Fifty-six years after his debut in François Truffaut’s cult film The 400 Blows, Jean-Pierre Léaud, the 70-year-old living legend of the nouvelle Vague, has agreed to this rare interview. He is the face of avant-garde cinema in France, never compromising his talent and living in a poetic and unpredictable way, blurring the lines between his life and his films.
His latest role is in Rosa Mystica, an 18-minute film directed by Eva Ionesco and written by the French novelist Simon Liberati. The two met up with him in Paris to speak about his life.
interview by SIMON LIBERATI
portrait by EVA IONESCO at L’Hôtel, rue des Beaux Arts, Paris
I am to meet Jean-Pierre Léaud at a hotel on the Rue des Beaux-Arts in Paris. It is where Oscar Wilde died, under the name Sébastien Melmoth. The actor arrives early, wearing a navy blue suit and a tie. He drinks Cognac; apparently it “warms his throat.” He has brought me a gift, a book with a splendid title: La Lucidité Implacable (Épître des hommes du blâme), or The Implacable Lucidity (The Epistle of the Men of Blame) by Sulami, a Sufi hagiographer from Nishapur, Iran, the spiritual home for the Muslim mystics we call the “men of blame.”
JEAN-PIERRE LÉAUD — You know what that means, the “men of blame?”
SIMON LIBERATI — No idea.
JEAN-PIERRE LÉAUD — They were a special set of mystics who were outwardly very agitated, dirty, and disorganized to mask their spiritual state. In their view, the best way to hide their inner life is to have a bad reputation.
SIMON LIBERATI — I don’t know much about Muslim mysticism, even though I do like Massignon [a scholar of Islam], not that I know exactly why. Do you remember that you tried to convert me to Islam in a pizzeria?
JEAN-PIERRE LÉAUD — Yes, I wanted to transmit the baraka [benediction] to you but you refused to recite the words.
SIMON LIBERATI — As I told you, I am a Roman Catholic, and I plan to stay that way. I have to be careful because you’re a hothead — that’s what you told me, right?
JEAN-PIERRE LÉAUD — [No response]
SIMON LIBERATI — In Cannes, at that same pizzeria, you told me the story of your initiation into voodoo in Haiti. You’d been invited to the USA for a film festival, and then you left for Haiti. People were looking at you, worried; they were already mourning you, knowing you were going to be doing something so dangerous. You said to me, “My dear, I was a hothead!”
JEAN-PIERRE LÉAUD — Yes, I decided I would be initiated into voodoo by a Haitian grandmaster. It was crazy. Before I left, the film people who knew what I was going to do were very nice to me. They were look- ing at me, no doubt thinking, “This is the last time we’ll be seeing this poor fool,” taking special care of me, even people I didn’t know or knew barely, producers. I went there, dressed impeccably like I am now, in a suit and a tie.
SIMON LIBERATI — I think I remember from having once visited you in your hotel room that you only wear custom-made Lanvin?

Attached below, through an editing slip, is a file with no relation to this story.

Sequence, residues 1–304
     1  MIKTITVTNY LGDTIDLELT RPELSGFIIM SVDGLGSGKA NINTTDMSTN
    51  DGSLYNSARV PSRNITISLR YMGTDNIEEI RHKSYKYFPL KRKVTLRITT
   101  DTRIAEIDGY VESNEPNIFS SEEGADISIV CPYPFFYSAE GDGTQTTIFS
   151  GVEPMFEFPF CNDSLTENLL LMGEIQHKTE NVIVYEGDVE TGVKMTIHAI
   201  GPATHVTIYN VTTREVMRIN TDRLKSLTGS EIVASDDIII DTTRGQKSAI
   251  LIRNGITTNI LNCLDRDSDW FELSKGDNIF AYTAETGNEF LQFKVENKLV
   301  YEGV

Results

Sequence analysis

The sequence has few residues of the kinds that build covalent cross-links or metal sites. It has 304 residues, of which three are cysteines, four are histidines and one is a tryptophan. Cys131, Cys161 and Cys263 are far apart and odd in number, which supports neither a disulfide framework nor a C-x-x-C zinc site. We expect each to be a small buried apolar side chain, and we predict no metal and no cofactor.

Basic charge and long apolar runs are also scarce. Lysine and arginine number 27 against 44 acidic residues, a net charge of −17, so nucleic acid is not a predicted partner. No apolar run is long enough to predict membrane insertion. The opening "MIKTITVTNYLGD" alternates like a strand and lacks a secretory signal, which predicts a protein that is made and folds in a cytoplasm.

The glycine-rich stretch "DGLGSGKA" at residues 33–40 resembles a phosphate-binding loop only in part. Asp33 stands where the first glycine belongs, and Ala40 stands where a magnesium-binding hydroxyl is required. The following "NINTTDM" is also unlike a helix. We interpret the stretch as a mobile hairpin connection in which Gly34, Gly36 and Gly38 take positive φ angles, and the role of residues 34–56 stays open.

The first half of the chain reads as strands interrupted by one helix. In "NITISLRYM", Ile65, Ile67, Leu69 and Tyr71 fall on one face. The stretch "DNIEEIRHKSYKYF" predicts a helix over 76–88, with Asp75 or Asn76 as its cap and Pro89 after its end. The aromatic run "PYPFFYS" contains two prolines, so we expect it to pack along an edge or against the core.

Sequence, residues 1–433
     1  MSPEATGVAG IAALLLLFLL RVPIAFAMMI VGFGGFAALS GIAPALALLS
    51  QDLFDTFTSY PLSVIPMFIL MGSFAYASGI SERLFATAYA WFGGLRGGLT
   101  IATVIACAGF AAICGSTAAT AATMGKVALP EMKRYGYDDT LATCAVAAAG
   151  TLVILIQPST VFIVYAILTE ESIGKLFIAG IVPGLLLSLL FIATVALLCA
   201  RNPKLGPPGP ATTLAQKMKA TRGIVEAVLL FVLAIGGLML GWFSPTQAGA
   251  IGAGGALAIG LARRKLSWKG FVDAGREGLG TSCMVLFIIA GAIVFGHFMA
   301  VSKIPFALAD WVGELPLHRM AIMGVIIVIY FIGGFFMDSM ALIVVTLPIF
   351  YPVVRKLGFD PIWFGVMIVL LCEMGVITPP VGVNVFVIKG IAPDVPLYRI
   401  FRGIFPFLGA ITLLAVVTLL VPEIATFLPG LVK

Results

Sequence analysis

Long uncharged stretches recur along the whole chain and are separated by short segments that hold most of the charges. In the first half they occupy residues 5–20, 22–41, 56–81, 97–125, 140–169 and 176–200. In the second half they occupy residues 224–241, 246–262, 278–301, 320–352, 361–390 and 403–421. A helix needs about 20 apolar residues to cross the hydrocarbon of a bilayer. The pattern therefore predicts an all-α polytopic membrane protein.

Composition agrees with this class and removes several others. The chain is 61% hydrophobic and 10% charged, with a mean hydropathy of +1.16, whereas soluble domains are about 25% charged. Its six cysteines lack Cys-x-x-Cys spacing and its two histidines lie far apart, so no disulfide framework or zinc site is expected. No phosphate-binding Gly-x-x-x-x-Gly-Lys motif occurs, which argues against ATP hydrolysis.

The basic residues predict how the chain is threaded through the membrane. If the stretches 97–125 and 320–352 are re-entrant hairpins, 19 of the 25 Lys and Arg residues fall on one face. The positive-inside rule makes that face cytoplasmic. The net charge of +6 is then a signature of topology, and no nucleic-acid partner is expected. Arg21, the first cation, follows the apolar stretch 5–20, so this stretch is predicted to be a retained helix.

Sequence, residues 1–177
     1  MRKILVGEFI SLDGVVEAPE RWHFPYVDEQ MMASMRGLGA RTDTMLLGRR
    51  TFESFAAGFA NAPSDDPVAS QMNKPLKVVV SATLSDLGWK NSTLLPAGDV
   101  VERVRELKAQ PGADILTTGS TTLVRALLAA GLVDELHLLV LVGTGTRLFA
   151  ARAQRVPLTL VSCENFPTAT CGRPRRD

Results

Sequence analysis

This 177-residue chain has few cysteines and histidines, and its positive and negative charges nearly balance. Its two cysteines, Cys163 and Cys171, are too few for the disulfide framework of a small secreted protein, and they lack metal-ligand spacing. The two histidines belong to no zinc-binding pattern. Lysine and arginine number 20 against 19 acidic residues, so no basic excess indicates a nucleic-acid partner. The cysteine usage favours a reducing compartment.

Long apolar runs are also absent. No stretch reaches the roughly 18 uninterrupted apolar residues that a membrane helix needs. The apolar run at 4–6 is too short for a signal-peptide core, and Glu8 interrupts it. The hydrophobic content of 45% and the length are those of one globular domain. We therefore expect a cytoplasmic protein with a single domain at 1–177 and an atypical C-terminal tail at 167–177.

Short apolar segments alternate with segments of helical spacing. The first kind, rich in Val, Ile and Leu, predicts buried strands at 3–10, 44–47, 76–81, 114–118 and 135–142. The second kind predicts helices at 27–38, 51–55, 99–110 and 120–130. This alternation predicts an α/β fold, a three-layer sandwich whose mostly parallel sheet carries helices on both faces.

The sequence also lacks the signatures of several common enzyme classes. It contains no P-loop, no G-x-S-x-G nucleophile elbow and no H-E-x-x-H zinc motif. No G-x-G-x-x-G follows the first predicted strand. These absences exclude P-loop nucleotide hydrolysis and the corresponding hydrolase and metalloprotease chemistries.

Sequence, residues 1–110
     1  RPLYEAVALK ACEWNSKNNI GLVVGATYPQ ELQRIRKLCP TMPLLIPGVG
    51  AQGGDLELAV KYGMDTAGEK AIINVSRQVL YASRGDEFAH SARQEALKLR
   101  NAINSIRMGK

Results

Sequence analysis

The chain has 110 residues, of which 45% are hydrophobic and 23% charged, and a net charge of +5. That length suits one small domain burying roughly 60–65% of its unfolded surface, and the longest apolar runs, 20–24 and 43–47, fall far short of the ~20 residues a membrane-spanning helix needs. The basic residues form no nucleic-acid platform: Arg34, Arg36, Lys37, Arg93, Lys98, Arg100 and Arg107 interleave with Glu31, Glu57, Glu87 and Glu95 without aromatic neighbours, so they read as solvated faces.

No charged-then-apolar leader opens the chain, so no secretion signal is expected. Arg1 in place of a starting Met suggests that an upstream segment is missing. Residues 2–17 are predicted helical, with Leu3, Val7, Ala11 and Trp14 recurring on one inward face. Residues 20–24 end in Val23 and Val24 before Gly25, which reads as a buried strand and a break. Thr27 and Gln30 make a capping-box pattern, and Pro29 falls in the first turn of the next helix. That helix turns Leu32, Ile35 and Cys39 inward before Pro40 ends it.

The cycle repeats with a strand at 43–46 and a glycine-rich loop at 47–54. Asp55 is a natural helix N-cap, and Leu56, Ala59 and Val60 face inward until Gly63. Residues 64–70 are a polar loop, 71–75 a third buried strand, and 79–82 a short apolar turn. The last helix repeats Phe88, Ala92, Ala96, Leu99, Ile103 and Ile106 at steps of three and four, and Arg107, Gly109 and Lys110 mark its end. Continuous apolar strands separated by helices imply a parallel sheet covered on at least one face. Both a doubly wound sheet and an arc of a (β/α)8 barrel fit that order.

JEAN-PIERRE LÉAUD — Yes, yes, for a long time now. They’re good tailors. They’re the only suits that fit me, in which I feel comfortable.
SIMON LIBERATI — So you went off to Haiti in your suit, to be initiated.
JEAN-PIERRE LÉAUD — Yes, by a great voodoo master, a truly impressive guy; he was very black. We sat in a circle, they lit some candles, they sacrificed a ram. Right in front of me, a few inches away. I saw the ram’s eyes, bulging, terrible … the blood is spraying everywhere. It goes on and on, and I can feel forces swirl- ing around me. Do you know the method for avoiding possession?
SIMON LIBERATI — Uh, no.
JEAN-PIERRE LÉAUD — You have to look as terrifying as possible. So I make a face like this, all squinched up. [He makes a horrible grimace.] And yes sir, I held on. [He smooths his tie, but his face doesn’t change.] And the guy sitting next to me, he’s caught, the spirit enters into him, and he gives me this colossal punch in the face, which sends me flying back several yards. He hit me really hard. I mean I’ve been hit many times in my life, but that punch was really hard. And I am rolling over backward. When I lift my head, I see that the other members of the ceremony have gone to get these clubs, and they’ve all turned on the possessed guy, the guy next to me, and they’re hitting him and hitting him, right in front of me. I barely escaped with my life, my dear.
SIMON LIBERATI — You told me that that adventure changed you, that since then you have become much calmer.
JEAN-PIERRE LÉAUD — It’s true. That ceremony liberated me somehow. That punch seems to have calmed me down.
SIMON LIBERATI — And you believe in God…
JEAN-PIERRE LÉAUD — Yes, unlike other actors, I don’t believe in luck, but in Providence, divine Providence. It’s because of Providence that I met François [Truffaut] — and that he hired me to act in The 400 Blows.